Truth or Die, by James Patterson and Howard Roughan

Two stars

Patterson is back with one of his co-authors, Howard Roughan this time around, to present a one-off book with much potential. Trevor Mann has suffered through some setbacks in life, but chooses to look ahead to a better future, grounded with his girlfriend Claire Parker. Claire leaves suddenly one evening to meet a source for a story she’s investigating and ends up murdered by a masked assailant. Trevor cannot rest until he finds answers, beginning with whom Claire tried to meet. Trevor follows the few leads Claire left and discovers both the man he thinks murdered her and the source, a young man whose genius is off the charts. Owen Lewis held the key to an explosive secret that could be a deadly weapon in the wrong hands. Trevor and Owen soon realise that they are targets and must stay one step ahead of the killers. As the depth of the weapon’s abilities becomes known, the group seeking to silence this unlikely duo becomes clearer, with a key member at the top who will stop at nothing to guarantee silence. An interesting story that Patterson and Roughan present, with potential and a fair amount of drama, though at times its delivery may leave the reader with a tepid feeling of the final product.

As with many Patterson novels, there is a great idea embedded in the storyline, which, given the proper direction, can germinate into a wonderful novel. However, many of his recent projects, the idea falls short and the reader is forced to suffer through some subpar work. It seems, as I have bemoaned many times before, that the one-off novels tend to fall significantly flat, as the characters are not as well-rooted and the backstories less developed. It could just be me, or even the way the audiobook was presented, but I felt little attachment to both the characters and the story. It did not pull me in and I felt as though I only ever skimmed the surface on what could have been an explosive novel that kept me up well into the night. Alas, it came close to lulling me to sleep at times. That said, Patterson can put out a gem here and there, forcing long-time fans like myself to keep reading and hoping for the best.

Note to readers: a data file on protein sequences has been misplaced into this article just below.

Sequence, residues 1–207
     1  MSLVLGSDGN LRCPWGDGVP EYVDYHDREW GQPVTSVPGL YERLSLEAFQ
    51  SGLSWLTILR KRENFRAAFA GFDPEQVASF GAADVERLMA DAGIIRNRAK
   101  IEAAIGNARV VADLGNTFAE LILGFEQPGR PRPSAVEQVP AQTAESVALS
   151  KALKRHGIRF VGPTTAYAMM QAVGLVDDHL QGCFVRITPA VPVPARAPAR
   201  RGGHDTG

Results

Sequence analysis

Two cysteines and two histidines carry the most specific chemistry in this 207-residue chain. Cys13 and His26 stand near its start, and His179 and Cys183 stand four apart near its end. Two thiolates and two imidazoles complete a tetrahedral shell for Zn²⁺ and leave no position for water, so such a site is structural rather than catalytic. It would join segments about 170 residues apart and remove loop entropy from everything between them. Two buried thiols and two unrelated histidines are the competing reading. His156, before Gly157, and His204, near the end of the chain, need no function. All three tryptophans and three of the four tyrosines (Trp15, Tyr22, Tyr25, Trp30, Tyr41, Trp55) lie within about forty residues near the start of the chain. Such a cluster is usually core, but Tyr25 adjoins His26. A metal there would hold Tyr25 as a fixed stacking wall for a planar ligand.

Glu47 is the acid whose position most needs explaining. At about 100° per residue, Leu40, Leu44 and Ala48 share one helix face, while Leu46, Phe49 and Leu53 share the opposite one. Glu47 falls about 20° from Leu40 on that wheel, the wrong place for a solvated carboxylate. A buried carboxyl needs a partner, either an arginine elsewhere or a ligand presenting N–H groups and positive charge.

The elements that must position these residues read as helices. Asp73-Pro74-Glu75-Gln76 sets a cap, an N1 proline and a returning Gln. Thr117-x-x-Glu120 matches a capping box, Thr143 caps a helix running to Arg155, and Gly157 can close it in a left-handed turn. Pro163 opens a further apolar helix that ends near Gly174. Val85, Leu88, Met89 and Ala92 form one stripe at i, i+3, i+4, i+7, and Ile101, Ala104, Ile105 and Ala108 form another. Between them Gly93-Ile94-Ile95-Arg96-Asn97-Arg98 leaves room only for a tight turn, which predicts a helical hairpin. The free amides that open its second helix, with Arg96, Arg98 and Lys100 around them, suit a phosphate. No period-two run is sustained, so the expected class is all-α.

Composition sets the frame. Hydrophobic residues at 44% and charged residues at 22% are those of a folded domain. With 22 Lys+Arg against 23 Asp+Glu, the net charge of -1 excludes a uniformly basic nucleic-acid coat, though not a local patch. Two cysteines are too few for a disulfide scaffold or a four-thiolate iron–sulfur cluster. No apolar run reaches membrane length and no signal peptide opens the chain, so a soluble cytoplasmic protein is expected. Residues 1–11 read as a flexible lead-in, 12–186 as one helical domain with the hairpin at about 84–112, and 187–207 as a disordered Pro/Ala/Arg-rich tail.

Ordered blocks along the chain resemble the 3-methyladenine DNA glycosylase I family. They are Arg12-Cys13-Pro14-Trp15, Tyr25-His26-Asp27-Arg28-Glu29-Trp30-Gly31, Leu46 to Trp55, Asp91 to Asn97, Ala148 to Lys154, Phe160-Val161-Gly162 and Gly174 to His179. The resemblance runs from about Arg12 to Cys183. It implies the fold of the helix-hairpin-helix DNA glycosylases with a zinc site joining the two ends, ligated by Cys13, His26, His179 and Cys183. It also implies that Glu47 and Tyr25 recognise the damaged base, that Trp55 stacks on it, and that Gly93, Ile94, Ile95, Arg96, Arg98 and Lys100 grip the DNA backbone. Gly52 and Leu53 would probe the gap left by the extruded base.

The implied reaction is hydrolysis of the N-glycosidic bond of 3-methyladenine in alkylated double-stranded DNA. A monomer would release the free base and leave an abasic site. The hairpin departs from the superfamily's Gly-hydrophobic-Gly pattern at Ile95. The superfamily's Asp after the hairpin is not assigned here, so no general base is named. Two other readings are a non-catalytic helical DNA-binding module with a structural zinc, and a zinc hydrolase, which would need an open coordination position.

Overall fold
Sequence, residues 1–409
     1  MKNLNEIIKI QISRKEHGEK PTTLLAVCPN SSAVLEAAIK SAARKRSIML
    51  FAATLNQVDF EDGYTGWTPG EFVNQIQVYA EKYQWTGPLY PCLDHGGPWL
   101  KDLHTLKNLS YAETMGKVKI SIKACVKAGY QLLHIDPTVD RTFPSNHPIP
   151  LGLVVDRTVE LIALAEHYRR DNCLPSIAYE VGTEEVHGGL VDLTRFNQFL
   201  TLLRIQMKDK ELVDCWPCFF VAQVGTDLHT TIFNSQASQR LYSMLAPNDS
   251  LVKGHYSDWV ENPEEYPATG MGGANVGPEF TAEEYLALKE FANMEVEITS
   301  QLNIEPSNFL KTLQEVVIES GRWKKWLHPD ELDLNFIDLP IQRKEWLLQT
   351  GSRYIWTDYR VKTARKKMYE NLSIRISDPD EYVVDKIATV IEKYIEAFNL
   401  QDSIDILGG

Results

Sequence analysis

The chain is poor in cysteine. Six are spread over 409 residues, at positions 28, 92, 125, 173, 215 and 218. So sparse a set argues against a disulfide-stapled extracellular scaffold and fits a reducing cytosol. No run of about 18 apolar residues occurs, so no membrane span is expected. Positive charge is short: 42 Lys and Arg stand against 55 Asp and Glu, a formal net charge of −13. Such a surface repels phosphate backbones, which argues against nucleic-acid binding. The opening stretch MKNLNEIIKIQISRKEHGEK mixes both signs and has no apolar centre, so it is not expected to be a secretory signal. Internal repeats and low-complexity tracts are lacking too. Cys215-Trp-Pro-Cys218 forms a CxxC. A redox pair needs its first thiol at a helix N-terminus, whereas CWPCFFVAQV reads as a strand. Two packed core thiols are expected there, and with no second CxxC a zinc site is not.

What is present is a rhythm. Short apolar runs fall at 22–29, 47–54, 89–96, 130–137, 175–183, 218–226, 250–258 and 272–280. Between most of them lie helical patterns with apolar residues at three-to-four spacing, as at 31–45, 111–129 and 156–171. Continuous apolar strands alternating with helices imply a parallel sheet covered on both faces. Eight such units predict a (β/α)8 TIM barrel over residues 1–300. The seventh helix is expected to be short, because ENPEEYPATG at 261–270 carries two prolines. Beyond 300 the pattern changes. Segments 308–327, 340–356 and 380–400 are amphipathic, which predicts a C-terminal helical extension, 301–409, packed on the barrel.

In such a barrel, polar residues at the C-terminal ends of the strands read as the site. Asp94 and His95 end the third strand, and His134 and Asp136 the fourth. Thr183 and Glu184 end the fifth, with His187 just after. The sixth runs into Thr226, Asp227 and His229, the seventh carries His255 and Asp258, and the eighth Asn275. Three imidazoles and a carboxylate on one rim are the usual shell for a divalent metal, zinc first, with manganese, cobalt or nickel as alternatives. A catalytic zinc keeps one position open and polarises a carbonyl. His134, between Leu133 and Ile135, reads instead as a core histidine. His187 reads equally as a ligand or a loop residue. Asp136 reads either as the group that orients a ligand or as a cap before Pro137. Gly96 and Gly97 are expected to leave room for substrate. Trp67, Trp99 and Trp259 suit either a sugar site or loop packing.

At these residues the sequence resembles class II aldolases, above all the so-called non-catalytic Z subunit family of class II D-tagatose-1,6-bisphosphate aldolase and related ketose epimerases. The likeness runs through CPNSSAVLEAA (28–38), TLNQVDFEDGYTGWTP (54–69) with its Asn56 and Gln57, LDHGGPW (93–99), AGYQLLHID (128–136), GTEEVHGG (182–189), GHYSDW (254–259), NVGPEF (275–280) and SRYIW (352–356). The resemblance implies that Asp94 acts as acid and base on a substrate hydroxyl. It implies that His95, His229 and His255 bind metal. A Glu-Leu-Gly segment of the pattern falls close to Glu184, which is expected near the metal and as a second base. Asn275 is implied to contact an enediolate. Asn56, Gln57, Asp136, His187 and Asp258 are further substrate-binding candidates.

Decent work, Messrs. Patterson and Roughan, though I did not feel the electricity that this novel should have brought. Perhaps it is the victim of too much on the topic that failed to lure me in.

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